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Hope Disappears in Sarajevo Winter

Column by Daniel C. Stevenson
Associate Night Editor

A week before Christmas, Kemal Kuspahic, editor in chief of the Sarajevo newspaper Oslobodjenje, spoke at MIT about his country's and his city's struggle against Serbian and Croatian forces. Kuspahic's paper, the name of which translates into Liberation, has been published continuously throughout the war, despite a destroyed office building, constant sniper attacks, and a strict embargo placed on the city.

Kuspahic did more than reiterate the numbing facts of continued violence and genocide in the former Yugoslavia; he spoke of the feeling the Bosnians have of apathetic or even antipathetic global abandonment, the anguish of empty promises, and the rising hopelessness of the citizens of Sarajevo.

Just a few days after Kuspahic's talk, a Christmas cease fire was brokered -- and then broken -- adding one more item to the list of failed truces and unfulfilled expectations.

And on Monday, on the eve of the first peace talks of the new year in Vienna, 15 people were killed in heavy shelling in Sarajevo, including six members of one family. Day after day for almost two years, truces are made and then violated, innocent civilians are killed, and the rest of the world feigns ignorance.

In my first column in The Tech last fall, I advocated strong, forceful global intervention in Bosnia-Herzegovina to prevent another 20th-century genocide. While I am far from surprised that the fighting continues, I am disturbed that virtually nothing has been done at all to resolve the conflict; fruitless negotiations continue, proposed settlements still favor the Serbs, people are still being killed, and a second winter has passed -- a season usually filled with celebrations of peace, love, and hope in most of the world, but marked by war, hate, and broken promises in Sarajevo.

Despite widespread concern about the Bosnian situation, countless appeals for intervention, and continuing death and destruction, the predicament of the Bosnians has only worsened, and the apparent triumph of brutally violent nationalism has encouraged its spread beyond the former Yugoslavia -- witness the recent advances made by ultranationalist Vladimir Zhirinovsky in Russia.

Now, more than ever before, armed intervention is necessary in Bosnia. Kuspahic's talk made the urgency of the situation abundantly clear: Sarajevans have lost their homes, their offices, their food, their friends, and their relatives. They still retain their hope, but it is slowly waning in the face of continued worldwide apathy. Appeasement and ignorance, however attractive they might be in the short term, have horrific long term consequences. We must act now, swiftly and strongly, if not to save the Bosnians, then to save those who will fall victim to ultranationalist genocide in the future.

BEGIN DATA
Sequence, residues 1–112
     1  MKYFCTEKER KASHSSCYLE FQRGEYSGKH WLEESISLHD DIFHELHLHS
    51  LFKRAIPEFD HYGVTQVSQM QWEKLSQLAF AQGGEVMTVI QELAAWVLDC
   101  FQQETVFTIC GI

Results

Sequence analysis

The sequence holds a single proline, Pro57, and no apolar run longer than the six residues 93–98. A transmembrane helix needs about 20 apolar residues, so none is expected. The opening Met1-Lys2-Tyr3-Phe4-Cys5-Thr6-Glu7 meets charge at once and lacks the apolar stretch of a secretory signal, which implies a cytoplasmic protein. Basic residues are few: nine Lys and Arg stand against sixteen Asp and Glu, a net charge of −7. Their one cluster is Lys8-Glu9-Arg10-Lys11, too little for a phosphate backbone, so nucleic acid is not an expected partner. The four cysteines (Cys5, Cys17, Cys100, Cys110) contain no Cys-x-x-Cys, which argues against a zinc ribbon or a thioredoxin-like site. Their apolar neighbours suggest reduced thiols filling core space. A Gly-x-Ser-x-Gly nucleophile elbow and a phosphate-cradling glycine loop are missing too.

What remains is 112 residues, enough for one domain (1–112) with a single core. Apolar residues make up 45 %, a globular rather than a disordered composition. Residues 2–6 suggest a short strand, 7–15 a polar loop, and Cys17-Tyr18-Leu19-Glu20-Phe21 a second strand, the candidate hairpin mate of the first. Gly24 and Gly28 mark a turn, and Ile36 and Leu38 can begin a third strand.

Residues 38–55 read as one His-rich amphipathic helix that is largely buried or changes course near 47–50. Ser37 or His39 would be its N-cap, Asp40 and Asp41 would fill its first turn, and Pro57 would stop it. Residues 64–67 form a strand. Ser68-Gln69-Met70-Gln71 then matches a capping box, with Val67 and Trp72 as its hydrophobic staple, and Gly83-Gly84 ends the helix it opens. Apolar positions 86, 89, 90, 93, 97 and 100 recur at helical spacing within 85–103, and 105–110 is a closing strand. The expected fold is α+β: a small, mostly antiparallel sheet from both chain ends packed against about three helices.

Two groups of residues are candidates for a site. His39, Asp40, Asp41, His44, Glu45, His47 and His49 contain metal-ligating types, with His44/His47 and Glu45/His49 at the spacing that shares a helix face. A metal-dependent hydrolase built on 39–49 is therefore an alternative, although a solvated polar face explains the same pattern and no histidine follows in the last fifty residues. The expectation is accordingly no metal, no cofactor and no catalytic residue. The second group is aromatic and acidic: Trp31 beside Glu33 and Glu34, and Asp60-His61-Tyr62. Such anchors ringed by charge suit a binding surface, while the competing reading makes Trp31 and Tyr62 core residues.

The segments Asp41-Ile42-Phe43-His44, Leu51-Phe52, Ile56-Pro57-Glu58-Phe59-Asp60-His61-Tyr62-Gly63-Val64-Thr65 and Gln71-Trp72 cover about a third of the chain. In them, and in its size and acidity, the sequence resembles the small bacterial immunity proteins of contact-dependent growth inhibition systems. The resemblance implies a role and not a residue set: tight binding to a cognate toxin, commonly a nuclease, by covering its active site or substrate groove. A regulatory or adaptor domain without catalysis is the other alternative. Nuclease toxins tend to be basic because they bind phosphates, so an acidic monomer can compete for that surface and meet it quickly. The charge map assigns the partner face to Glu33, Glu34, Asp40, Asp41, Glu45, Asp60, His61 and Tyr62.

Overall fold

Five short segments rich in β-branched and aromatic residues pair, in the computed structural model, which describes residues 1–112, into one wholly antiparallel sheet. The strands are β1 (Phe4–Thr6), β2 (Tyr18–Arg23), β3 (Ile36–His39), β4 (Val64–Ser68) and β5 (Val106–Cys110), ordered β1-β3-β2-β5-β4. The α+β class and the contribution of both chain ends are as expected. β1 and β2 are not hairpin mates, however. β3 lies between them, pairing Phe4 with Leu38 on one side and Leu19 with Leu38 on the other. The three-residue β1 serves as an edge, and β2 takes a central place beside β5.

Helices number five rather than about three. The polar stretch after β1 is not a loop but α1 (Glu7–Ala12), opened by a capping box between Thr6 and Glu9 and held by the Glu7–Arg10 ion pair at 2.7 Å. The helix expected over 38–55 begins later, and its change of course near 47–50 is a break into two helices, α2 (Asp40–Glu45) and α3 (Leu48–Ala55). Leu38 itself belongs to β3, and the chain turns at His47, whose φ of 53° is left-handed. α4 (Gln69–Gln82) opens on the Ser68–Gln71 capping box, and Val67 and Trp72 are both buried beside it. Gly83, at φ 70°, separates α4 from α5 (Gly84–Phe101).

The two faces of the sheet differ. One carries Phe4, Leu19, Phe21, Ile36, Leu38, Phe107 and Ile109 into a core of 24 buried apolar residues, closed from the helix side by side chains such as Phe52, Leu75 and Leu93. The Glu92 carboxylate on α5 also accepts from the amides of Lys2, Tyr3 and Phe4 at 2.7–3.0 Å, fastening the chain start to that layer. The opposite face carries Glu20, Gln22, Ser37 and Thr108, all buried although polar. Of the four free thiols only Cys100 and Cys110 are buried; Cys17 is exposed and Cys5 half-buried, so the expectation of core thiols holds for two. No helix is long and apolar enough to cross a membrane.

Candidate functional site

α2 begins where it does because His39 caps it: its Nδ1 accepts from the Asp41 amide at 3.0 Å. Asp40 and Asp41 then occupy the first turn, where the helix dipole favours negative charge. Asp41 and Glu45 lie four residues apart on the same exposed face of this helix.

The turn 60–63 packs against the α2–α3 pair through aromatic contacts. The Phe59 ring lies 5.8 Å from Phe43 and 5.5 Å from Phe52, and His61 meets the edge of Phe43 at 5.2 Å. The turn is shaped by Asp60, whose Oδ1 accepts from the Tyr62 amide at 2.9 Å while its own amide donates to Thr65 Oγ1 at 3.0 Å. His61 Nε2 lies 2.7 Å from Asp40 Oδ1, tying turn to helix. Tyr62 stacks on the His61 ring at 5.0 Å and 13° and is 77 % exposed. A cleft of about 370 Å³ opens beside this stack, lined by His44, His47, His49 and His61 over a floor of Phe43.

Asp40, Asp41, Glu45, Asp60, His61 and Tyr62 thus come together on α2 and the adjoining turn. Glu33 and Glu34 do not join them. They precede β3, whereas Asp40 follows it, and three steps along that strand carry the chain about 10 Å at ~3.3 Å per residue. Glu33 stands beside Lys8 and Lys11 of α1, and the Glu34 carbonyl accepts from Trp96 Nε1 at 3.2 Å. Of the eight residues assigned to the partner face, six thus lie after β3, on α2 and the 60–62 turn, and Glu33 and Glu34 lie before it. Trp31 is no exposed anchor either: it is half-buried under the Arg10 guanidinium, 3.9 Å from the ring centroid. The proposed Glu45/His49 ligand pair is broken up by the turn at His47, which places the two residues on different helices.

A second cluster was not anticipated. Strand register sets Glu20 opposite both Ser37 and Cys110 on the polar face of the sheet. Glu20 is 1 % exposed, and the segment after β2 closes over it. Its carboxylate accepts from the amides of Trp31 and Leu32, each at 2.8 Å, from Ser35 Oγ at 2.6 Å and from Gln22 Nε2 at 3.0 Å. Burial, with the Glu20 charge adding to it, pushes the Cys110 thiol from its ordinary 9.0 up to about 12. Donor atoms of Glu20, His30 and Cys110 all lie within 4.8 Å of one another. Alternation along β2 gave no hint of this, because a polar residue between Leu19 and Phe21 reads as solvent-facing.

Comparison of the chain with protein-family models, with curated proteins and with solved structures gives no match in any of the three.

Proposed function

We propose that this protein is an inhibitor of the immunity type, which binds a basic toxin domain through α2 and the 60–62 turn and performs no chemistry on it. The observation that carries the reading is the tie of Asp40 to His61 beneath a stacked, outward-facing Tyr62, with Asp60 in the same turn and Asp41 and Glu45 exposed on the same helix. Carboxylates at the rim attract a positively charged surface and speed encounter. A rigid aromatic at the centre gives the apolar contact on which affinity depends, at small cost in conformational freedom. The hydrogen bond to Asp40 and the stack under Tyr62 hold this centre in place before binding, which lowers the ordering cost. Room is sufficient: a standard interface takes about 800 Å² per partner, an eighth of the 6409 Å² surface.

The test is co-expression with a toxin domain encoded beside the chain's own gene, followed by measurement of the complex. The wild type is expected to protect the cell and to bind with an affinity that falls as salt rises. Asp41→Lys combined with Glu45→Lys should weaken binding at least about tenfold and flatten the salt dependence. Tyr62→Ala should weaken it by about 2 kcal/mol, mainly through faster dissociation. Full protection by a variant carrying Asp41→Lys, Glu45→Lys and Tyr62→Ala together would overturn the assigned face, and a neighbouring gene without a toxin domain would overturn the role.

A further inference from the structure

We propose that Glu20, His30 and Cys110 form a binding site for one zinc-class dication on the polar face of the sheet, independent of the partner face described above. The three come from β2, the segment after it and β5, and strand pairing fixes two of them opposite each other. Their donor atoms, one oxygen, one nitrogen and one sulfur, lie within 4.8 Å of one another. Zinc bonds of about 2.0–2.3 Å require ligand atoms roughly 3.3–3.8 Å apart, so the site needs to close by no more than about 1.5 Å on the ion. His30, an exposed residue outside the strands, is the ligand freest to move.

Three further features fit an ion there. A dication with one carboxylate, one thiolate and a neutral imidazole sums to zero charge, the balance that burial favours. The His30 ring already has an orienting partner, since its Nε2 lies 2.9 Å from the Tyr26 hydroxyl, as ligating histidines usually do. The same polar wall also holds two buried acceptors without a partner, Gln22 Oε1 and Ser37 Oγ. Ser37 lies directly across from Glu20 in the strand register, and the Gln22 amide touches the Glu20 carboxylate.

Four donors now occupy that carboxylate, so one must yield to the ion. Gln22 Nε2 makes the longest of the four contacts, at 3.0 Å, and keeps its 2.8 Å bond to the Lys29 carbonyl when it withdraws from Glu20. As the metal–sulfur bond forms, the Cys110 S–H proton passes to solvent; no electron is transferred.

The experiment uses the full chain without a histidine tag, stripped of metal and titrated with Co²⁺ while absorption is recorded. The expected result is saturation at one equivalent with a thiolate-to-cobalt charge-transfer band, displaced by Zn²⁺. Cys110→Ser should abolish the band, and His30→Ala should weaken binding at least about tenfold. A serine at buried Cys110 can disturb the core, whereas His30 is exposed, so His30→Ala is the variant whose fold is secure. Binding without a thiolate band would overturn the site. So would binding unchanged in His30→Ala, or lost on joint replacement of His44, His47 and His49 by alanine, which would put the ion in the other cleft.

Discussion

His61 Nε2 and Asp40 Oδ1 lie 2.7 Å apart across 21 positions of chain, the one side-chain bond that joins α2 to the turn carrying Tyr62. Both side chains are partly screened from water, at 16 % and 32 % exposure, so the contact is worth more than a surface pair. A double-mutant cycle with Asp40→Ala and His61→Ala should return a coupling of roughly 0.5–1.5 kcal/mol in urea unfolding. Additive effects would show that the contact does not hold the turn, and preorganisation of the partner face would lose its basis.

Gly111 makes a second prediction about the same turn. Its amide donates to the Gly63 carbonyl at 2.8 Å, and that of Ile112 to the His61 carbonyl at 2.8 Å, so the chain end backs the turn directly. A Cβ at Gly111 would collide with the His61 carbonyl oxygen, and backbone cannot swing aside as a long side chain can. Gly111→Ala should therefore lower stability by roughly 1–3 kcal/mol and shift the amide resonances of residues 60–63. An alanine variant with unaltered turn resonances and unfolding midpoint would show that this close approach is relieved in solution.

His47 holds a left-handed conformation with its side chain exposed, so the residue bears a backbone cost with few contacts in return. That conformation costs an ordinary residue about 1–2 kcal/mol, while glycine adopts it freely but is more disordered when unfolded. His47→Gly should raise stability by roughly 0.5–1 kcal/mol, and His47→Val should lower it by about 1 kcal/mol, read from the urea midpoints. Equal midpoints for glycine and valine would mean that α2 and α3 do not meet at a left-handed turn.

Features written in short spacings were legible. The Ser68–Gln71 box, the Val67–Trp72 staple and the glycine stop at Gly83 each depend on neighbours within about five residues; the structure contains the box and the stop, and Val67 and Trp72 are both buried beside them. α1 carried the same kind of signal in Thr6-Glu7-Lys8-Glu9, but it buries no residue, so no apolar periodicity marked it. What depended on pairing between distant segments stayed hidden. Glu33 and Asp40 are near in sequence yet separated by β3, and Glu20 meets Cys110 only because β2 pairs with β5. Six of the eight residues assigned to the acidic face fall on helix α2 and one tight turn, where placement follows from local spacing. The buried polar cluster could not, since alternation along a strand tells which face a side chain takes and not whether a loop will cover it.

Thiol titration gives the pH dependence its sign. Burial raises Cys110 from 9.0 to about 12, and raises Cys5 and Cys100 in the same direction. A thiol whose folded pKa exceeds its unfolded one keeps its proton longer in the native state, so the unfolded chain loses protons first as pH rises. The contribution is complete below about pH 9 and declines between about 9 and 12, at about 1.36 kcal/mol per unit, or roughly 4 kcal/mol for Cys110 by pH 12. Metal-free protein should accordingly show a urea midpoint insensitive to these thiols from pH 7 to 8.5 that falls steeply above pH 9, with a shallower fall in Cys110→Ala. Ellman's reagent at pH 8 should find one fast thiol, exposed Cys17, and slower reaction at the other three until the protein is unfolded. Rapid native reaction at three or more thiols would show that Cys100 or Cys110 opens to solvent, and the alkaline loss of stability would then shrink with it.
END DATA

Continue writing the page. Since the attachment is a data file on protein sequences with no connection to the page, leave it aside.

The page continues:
The most important purpose of intervention is to send a message -- that violent, genocidal aggression will no longer be tolerated by the global community. Kuspahic suggested in his talk that the message include surgical air strikes and artillery attacks; a lift of the arms embargo, at least on defensive weapons; an increase in sanctions against Serbia; and the creation of an effective war crimes tribunal. These actions have always been well within the reach of America and European countries -- faced with the greatest human rights crisis in decades, the "free world" must act now.

And armed intervention does not have to involve foreign troops -- if the arms embargo is lifted and Bosnia is finally allowed to defend itself, there are plenty of Bosnians willing to fight for their homeland, according to Kuspahic.

In the earlier column, I compared the situation in Bosnia to Nazi Germany in the last 1930s and early '40s, specifically the fact that both conflicts involve the extermination of people solely on the basis of their ethnicity. Kuspahic made the same comparison with the Nazis in his talk. He lamented that "this was the century when `Never again!' was proclaimed" -- yet the same actions supposedly stopped forever are being carried out again. Fortunately for the Bosnians, the Serbs are not as organized or thorough as the Nazis, and the news media has at least been sporadically bringing to light the atrocities of this rather one-sided "war."

A chilling conclusion to Kuspahic's talk was the assertion by one audience member that the Sarajevans were "doomed to die" and efforts should instead be focused on saving Kosovo and other parts of the form Yugoslavia endangered by quest for a Greater Serbia. Kuspahic countered that he and many others in Sarajevo did not believe their cause was lost, and hope that someday the conflict would be resolved peacefully and equitably. Amid shelling and bombing and without any intervention from other countries, this hope will not live forever.